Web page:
Denmark Bans Spicy Korean Noodles, Would You Dare Try These 8 Hottest Dishes?

Denmark has recently banned spicy Korean noodles due to health concerns. If you're a fan of intense heat and culinary adventure, discover these eight hottest dishes from around the world. Each dish promises a fiery experience that will challenge even the most seasoned spice enthusiasts.
iStock-1976621637

A spicy Korean noodle has been banned in Denmark for being too spicy.

India is known for its love of spices, and for making every bite as fiery hot as possible (and loving the burn), but for some countries, spiciness is proving to be a health problem. In Denmark, a spicy Korean noodle brand has recently been banned because the spice levels are so high they believe it posing a risk of poisoning.
The noodles, often eaten as part of spicy food challenges were deemed to have too much capsacin and the country has begun the process of recalling the packages. Capsaicin is the chemical compound in chillies which creates the illusion of heat. The capsaicin molecules bind to receptors on our tongues which makes food taste spicy.
They particularly emphasised the warning that it wasn’t safe for children advising people to throw away packets they already had. It should be noted that the products meet all food safety criteria, and this appears to be triggered simply by the spice level of the noodles. Additionally, this is the only country the noodles have been banned in till date.
The internet is having mixed reactions with people wondering whether these spicy noodles actually pose a health risk, or whether the Danish just have a particularly low tolerance to spice. If you’d like to test out your own, here are 8 of the world’s hottest dishes you can practice on.

Buldak

Originally, this South Korean dish from Incheon referred to ‘hot chicken’, a combination of chicken tenders or chunks in a fiery chilli sauce, often topped with cheese. It was the inspiration of the noodle brand behind the aforementioned ban and has become a worldwide household name.

Saoji Chicken Curry

India has plenty of ‘spicy’ dishes, from the fiery flavours of Naga curries made with bhut jolokia to the blazing red Laal Maas of Rajasthan. But the Saoji cuisine of Nagpur is known for being among the country’s hottest. Although Andhra cuisine could give it a fair fight.

Sichuan Hot Pot

This Chineese sharing pot, also known as Chongqing hot pot is filled with a flavourful broth to dip meats and vegetables, but comes with the deadly base of Sichuan peppercorns and chilli paste. Sichuan pepper is renowned for causing a tingly, numbing sensation from its spiciness.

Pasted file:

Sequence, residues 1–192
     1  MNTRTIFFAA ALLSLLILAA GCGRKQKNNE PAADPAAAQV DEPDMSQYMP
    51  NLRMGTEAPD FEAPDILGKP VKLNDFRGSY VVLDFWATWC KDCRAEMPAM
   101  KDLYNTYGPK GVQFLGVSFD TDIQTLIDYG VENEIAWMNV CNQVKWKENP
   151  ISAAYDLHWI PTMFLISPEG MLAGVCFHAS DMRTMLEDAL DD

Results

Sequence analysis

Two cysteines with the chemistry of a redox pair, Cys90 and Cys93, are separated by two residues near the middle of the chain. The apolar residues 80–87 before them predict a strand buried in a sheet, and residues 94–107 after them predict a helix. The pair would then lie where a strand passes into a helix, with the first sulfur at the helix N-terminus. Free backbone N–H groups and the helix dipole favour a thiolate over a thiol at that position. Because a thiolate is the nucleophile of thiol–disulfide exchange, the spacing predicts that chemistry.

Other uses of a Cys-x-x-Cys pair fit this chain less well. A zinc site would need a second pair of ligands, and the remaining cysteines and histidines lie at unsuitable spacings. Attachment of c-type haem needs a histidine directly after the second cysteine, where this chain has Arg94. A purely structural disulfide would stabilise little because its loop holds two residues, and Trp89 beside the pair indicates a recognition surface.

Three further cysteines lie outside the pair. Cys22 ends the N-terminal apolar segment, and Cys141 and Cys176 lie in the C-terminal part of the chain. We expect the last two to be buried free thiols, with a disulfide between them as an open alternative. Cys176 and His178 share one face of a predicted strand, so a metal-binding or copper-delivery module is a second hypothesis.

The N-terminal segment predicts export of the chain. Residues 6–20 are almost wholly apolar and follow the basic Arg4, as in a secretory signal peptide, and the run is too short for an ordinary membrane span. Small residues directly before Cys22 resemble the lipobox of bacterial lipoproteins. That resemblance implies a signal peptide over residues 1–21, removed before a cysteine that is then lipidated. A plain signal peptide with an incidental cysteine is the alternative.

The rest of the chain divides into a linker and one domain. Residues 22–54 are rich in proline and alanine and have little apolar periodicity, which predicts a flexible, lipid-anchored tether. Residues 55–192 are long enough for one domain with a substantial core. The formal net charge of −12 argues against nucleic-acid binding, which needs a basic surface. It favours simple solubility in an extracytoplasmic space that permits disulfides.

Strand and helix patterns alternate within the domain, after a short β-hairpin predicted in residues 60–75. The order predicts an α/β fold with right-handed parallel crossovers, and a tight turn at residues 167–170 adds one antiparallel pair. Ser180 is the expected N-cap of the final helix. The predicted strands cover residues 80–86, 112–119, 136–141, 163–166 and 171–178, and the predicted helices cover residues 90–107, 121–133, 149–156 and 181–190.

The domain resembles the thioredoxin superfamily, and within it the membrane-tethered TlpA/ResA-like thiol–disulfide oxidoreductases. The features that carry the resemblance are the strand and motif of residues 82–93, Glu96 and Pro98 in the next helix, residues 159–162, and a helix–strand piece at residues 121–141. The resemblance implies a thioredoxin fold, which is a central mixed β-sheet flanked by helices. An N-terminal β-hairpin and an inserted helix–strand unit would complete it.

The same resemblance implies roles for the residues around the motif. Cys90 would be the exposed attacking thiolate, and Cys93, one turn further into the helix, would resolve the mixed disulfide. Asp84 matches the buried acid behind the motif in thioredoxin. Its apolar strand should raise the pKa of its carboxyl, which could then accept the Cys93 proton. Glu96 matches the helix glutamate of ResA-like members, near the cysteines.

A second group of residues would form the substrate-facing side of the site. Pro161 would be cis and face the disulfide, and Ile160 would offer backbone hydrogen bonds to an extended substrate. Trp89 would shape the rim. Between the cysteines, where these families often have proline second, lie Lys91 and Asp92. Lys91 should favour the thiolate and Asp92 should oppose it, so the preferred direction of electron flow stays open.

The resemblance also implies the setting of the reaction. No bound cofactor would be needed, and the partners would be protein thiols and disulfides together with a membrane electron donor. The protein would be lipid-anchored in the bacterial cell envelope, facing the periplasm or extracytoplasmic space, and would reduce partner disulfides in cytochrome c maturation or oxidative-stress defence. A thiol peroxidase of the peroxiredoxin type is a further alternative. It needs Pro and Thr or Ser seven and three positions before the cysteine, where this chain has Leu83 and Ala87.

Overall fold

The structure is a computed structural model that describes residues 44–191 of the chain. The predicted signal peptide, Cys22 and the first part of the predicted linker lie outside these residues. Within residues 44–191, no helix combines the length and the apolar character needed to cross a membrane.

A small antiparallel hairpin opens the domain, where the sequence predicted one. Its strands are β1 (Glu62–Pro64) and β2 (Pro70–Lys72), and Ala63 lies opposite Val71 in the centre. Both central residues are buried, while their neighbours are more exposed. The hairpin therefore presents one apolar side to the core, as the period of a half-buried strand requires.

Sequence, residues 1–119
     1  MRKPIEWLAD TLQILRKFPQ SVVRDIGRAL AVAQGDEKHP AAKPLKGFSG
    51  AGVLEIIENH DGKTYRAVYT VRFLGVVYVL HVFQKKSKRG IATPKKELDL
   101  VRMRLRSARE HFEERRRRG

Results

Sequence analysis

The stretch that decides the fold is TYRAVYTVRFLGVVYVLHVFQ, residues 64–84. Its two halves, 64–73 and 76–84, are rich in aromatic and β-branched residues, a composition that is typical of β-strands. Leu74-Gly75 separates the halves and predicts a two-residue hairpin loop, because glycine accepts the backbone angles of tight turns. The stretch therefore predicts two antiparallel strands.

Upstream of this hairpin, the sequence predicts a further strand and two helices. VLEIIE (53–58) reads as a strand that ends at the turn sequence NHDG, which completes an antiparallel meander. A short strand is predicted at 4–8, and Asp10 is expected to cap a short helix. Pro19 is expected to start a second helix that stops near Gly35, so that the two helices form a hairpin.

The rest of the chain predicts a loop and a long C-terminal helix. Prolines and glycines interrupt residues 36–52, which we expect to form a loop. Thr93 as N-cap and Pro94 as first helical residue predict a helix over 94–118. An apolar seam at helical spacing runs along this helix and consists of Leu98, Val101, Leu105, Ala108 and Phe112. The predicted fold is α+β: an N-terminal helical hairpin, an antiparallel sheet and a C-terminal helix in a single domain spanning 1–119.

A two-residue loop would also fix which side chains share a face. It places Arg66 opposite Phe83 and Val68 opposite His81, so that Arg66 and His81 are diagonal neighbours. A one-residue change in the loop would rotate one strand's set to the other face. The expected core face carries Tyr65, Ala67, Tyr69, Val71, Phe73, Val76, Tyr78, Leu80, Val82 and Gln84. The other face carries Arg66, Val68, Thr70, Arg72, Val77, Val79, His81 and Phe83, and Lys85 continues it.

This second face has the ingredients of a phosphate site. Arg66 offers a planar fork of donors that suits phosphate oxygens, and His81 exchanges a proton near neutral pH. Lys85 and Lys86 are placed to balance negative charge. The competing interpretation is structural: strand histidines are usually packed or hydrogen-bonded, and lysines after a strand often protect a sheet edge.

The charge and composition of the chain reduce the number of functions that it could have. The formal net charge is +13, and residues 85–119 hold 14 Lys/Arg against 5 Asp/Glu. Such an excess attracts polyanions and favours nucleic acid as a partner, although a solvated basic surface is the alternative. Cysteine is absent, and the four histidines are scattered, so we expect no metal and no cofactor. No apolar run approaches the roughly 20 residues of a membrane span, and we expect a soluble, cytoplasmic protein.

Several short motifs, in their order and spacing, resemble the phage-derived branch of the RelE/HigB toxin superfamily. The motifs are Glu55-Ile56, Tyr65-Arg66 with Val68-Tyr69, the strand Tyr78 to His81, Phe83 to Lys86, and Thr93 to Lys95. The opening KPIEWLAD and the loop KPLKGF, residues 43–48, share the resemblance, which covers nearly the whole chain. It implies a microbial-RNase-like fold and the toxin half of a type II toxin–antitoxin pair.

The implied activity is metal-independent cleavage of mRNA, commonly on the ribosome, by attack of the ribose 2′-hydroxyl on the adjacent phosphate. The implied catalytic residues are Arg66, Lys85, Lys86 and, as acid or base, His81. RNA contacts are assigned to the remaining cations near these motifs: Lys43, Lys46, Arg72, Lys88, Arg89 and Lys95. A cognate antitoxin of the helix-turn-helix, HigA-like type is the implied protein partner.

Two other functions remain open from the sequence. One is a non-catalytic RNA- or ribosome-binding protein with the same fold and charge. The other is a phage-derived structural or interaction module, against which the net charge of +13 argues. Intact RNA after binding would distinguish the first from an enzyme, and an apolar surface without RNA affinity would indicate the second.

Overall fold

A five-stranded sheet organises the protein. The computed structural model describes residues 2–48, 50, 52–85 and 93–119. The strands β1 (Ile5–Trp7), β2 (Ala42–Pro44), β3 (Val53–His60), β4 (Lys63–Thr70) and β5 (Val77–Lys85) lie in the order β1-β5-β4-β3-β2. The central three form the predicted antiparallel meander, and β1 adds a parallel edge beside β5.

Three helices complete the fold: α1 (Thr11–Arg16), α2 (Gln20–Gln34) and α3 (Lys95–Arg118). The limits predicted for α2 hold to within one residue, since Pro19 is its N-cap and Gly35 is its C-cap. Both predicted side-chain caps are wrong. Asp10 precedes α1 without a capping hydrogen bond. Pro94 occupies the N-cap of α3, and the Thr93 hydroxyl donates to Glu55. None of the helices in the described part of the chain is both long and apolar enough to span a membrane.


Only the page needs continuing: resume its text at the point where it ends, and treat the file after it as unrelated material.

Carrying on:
Phall

Originating as a challenge from Bangladeshi-run restaurants in Birmingham Englans, this outrageous dish can contain as many as 10-12 types of chillies including bhut jolokia, Thai bird’s eye chillies and scotch bonnet. It wasn’t even created with a flavour in mind, its only purpose is pain.

Doro Wat

The fiery Ethiopian spice blend, berbere – aromatic with chile peppers, basil, cardamom, garlic, and ginger – is crucial to the flavour of doro wat, Ethiopia's beloved spicy chicken stew. Topped with boiled eggs, this dish is often served at weddings, religious holidays, and other special occasions.
iStock-1201356528
Ayam Betutu

Ayam Betutu

Popular on the Indonesian islands of Bali and Lombok, this whole chicken dish is stuffed with an aromatic spice paste (betutu) made from fresh hot chile peppers, galangal, candlenuts, shallots, garlic, turmeric, shrimp paste, and other ingredients. The chicken is wrapped in banana leaves and steamed to enhance the flavours.

Camarones a la Diabla

Tellingly translating to ‘the Devil’s shrimp, in this Mexican dish, juicy shrimp are spiced with a thick sauce made from dried guajillo and arbol chillies. Despite its simplicity, there are many variations found at Tex-Mex restaurants, including those with barbecue sauce, habanero salsa, or chipotle peppers.

Papa A La Huancaina

This Peruvian dish, served cold, looks deceptively mild. However, the key feature of papa a la huancaina is its fiery yellow sauce, made from aji amarillo chile peppers and queso fresco. Originating from the Huancayo region to feed railway workers, this potato dish's creamy, spicy sauce is also popular as a dip for fried yuca and quail eggs.
End of Article
news
news
news
news
news
news
news
news
news
news
news
news
news
news
news
news
news
news
news
news
news
news
news
news
news
news
news
news
news
news
news
news
news
news
news
news
news
news
news
news
news
news
news
news
news
news
news
news
news
news
news
news
news
news
news
news
news
news
news
news
news
news
news
news
news
news
news
news
news
news
news
news
news
news
news
news
news
news
news
news
news
news
news
news
news
news
news
news
news
news
news
news
news
news
news
news
news
news
news
news
news
news
news
news
news
news
news
news
news
news
news
news
news
news
news
news
news
news
news
news
news
news
news
news
news
news
news
news
news
news
news
news
news
news
news
news
news
news
news
news
news
news
news
news
news
news
news
news
news
news
news
news
news
news
news
news
news
news
news
news
news
news
news
news
news
news
news
news
news
news
news
news
news
news
news
news
news
news
news
news
news
news
news
news
news
news
news
news
news
news
news
news
news
news
news
news
news
news
news
news
news
news
news
news
news
news
news
news
news
news
news
news
news
news
news
news
news
news
news
news
news
news
news
news
news
news
news
news
news
news
news
news
news
news
news
news
news
news
news
news
news
news
news
news
news
news
news
news
news
news
news
news
news
news
news
news
news
news
news
news
news
news
news
news
news
news
news
news
news
news
news
news
news
news
news
news
news
news
news
news
news
news
news
news
news
news
news
news
news
news
news
news
news
news
news
news
news
news
news
news
news
news
news
news
news
news
news
news
news
news
news
news
news
news
news
news
news
news
news
news
news
news
news
news
news
news
news